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  5. It's time we behave! Cricket, mental health and the dark side of fandom

It's time we behave! Cricket, mental health and the dark side of fandom

Mental health is gaining traction worldwide. People are aware, empathetic than before, and more understanding. But, unfortunately, it stops right there. Nothing less, but yes, nothing more. 

Kartik Mehindru Written by: Kartik Mehindru New Delhi Published on: May 25, 2022 10:00 IST
Cricket is one of the most followed sports in the world. Globally, it is just behind football.
Image Source : PIXABAY

Cricket is one of the most followed sports in the world. Globally, it is just behind football.

Mental health is gaining traction worldwide. People are aware, empathetic than before, and more understanding. But, unfortunately, it stops right there. Nothing less, but yes, nothing more. 

The stigma around it still exists and has refused to die down. Eyebrows are raised, questions asked, and people are often misunderstood. Major ailments like Depression, Anxiety, or Borderline Personality Disorder, are equated with sadness, and people are casually asked, rather told, to move on and just be happy. 

 Now, all of this happens to common people, people outside the media gaze, people outside the world of glamour. Now stop, think, and try to comprehend the reality of people constantly under the lens. Yes, it's tough. 

Cricket is one of the most followed sports in the world. Globally, it is just behind football. When you take the pitch, the world is not just watching you, they are criticising you, taking digs at you, trolling you, abusing you, and on some occasions, abusing your family too.

The argument that this is what they signed up for is pretty vague. No, the players did not sign up for trolls, the abuses, the digs. They signed up for their passion, the game, the satisfaction. 

To be honest, I couldn’t have said I am not feeling great mentally and I want to get away from the game because you never know how that’s taken: Kohli after the infamous 2014 England Tour.

Cricket is the worst sport for mental health: Suzie Bates, former NZ skipper. 

When I got hit, I was angry, and a part of me was hoping my arm was broken. I was like this is it, I just need a break. I was thinking about things I could do on the way back to snap it: Glenn Maxwell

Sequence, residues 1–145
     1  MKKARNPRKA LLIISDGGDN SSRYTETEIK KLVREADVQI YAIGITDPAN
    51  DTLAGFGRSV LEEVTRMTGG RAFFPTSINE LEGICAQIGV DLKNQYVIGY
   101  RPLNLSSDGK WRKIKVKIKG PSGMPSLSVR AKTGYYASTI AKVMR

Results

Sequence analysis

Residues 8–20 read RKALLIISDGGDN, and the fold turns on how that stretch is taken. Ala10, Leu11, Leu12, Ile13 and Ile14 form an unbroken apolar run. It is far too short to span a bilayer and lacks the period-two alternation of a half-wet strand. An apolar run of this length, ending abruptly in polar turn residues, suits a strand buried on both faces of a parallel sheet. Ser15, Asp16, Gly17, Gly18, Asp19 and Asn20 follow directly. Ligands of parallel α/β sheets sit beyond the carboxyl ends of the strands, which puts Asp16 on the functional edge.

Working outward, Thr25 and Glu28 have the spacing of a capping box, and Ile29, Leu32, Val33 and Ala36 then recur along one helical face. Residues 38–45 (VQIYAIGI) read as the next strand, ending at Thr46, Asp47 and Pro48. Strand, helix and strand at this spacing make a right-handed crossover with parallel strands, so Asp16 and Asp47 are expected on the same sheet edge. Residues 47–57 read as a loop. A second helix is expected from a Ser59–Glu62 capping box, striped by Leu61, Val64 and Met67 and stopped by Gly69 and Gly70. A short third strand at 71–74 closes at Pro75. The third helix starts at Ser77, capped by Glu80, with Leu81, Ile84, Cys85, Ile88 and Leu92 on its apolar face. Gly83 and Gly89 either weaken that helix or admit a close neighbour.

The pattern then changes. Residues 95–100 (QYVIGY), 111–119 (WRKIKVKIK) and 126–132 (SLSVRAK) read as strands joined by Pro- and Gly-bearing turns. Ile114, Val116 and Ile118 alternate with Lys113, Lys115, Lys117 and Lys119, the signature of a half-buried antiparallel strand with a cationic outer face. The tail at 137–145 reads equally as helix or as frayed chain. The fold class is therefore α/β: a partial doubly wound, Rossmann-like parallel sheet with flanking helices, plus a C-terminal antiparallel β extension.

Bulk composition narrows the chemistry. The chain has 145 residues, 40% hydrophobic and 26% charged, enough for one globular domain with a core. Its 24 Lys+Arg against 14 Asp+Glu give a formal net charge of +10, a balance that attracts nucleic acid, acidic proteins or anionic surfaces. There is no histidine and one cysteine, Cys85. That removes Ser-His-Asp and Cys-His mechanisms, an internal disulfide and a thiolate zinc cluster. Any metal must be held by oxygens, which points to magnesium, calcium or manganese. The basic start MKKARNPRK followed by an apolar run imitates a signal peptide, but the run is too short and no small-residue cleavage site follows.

I was in a real dark place and having some difficult thoughts. I was always one of those people who wouldn’t talk about how they are feeling and just keep it internal and crack on. I now realize talking is such a powerful thing and it has completely changed me: Ben Stokes in his column on the Mirror

These are just some cricketers who have come out and talked about their mental health. It's a large crowd out there, and the need to look at it empathetically is at its peak.  The issues are real and need attention. It isn't easy keeping up with all the hate when you yourself are in a dark place.  

Yes, people pay attention. The support is there. But is it enough in face of all the hate, trolls, and digs? Probably not. 

Consider this, Riyan Parag is just a kid. A 20-year-old kid looking to find his place in the massive cricketing world. Well, it did not matter to the so-called fandom. Trolls, digs, and even abuses were hurled at him when he failed to perform in the tournament. 

Rishabh Pant went through a similar phase. Who can forget the Mohali crowd chanting Dhoni's name when the young Pant dropped a catch vs Australia. 

Well, it isn't even restricted to players, Virat Kohli's wife, Anushka Sharma, who herself is a mega Bollywood star, is often dragged into her husband's on-field performances. Even Vamika, their daughter, is not spared from this abuse. 

In India, cricket is a religion. Cricketers are gods. One bad match, one bad final, one blunder, and the images of those gods, their statues, effigies, are burned in the middle of the road. 

Fans, media, trolls, everyone needs to self-introspect. Every struggle is unique. Just because it doesn't fit your pre-conceived definition of struggle, doesn't mean you get to question it. 

It's high time we pay attention. It's high time we are empathetic. It's high time we treat players the way they deserve to be treated.